If we want to find a single period which is best to visit Ecuador, we can choose the Northern Hemisphere summer, and in particular the months of July and August, which are the least rainy and the sunniest. It must be said, however, that in the area of the forest it rains a lot even in this period, and the amount of sunshine is low. On the other hand, along the west coast, although it rarely rains, the sky is often cloudy.

What to pack

For the Amazon, in the plain, loose fitting, lightweight clothing of natural fibres, maybe with long sleeves for mosquitoes; possibly a light sweatshirt and a light raincoat for thunderstorms. For the Amazon at low-mountain altitude (see Puyo), light clothes, sweatshirt and light jacket for the evening, raincoat.
For the western plains and the coast: light clothing, raincoat and lightweight sweatshirt in the rainy season (December to June in the north, January to April in the south), sweatshirt for the evening in the cooler season (June to September).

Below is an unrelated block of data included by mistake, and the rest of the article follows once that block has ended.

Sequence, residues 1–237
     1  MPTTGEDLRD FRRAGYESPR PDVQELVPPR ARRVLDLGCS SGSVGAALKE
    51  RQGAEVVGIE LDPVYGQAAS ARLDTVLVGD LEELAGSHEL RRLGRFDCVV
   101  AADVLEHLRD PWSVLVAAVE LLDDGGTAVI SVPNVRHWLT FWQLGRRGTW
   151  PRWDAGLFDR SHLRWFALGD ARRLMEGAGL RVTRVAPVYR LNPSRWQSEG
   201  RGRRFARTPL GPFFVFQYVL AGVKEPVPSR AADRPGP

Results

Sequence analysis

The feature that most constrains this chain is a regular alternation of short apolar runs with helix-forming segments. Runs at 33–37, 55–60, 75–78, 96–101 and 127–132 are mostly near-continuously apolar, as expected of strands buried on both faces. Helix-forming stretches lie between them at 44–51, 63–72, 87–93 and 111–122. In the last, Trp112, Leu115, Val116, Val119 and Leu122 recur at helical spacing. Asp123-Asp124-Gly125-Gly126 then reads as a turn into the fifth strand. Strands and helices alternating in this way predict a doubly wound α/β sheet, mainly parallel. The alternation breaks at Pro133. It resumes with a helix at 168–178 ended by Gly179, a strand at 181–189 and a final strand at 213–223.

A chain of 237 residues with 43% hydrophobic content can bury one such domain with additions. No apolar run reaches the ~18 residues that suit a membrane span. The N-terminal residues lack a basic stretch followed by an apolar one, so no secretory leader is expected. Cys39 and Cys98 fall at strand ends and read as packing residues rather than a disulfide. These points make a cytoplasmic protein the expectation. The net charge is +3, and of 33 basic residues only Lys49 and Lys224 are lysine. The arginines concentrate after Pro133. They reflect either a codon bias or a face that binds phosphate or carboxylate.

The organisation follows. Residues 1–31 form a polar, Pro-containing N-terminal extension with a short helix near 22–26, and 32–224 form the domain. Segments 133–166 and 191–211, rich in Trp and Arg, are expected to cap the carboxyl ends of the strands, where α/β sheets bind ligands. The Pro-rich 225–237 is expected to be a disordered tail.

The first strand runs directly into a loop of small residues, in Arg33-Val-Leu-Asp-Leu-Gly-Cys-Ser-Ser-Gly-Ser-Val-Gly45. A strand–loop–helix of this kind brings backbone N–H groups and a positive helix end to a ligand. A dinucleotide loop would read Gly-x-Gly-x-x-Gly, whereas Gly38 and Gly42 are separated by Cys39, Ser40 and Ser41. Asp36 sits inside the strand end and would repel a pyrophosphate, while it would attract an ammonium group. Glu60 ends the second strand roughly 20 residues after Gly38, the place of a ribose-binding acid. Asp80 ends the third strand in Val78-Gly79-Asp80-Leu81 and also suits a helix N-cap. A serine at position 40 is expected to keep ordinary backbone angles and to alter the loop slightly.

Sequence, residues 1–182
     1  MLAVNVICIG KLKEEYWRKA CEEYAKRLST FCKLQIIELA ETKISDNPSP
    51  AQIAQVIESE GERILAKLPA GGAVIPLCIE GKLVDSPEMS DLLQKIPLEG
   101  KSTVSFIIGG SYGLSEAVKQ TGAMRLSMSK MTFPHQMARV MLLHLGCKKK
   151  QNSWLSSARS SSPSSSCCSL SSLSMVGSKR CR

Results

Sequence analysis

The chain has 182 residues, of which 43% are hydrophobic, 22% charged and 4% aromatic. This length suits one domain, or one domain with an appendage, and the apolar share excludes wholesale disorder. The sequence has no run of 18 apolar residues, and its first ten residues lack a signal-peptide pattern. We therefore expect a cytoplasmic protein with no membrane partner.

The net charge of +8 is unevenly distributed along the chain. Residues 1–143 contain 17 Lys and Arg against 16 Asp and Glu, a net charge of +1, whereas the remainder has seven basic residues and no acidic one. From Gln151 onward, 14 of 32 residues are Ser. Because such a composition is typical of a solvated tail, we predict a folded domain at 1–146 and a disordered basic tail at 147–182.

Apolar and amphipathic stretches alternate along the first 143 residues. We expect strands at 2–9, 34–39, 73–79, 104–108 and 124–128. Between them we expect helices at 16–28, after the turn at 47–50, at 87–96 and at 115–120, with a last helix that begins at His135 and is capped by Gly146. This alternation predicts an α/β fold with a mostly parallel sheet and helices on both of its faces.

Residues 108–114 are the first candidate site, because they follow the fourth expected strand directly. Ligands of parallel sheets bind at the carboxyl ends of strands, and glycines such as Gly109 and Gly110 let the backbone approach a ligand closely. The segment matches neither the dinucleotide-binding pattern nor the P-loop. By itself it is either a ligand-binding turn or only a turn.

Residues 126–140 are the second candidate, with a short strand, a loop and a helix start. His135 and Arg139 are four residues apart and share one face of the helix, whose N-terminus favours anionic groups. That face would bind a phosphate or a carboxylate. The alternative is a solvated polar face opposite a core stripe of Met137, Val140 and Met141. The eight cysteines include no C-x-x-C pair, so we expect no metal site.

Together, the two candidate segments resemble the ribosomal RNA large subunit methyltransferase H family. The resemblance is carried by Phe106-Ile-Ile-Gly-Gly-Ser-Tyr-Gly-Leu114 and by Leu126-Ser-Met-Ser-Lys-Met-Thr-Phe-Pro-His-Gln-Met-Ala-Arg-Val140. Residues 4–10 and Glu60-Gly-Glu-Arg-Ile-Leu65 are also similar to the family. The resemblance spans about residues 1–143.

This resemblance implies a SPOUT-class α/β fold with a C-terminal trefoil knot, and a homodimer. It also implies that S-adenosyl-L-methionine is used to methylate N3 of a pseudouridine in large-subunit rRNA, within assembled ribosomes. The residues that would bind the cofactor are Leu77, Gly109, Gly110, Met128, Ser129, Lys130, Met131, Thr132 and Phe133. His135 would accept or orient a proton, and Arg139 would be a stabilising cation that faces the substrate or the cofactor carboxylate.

For the southernmost part of the coast, throughout the year, a sweatshirt for the evening; from June to September, a sweater or sweatshirt, a light jacket.
For Quito and the Andes, clothes for spring and autumn, sweatshirt or sweater, warm jacket for the evening, sun hat; raincoat or umbrella especially from October to May.
For the high mountains, warm clothes, down jacket, hat, gloves, scarf.

See also the climate of the Galápagos.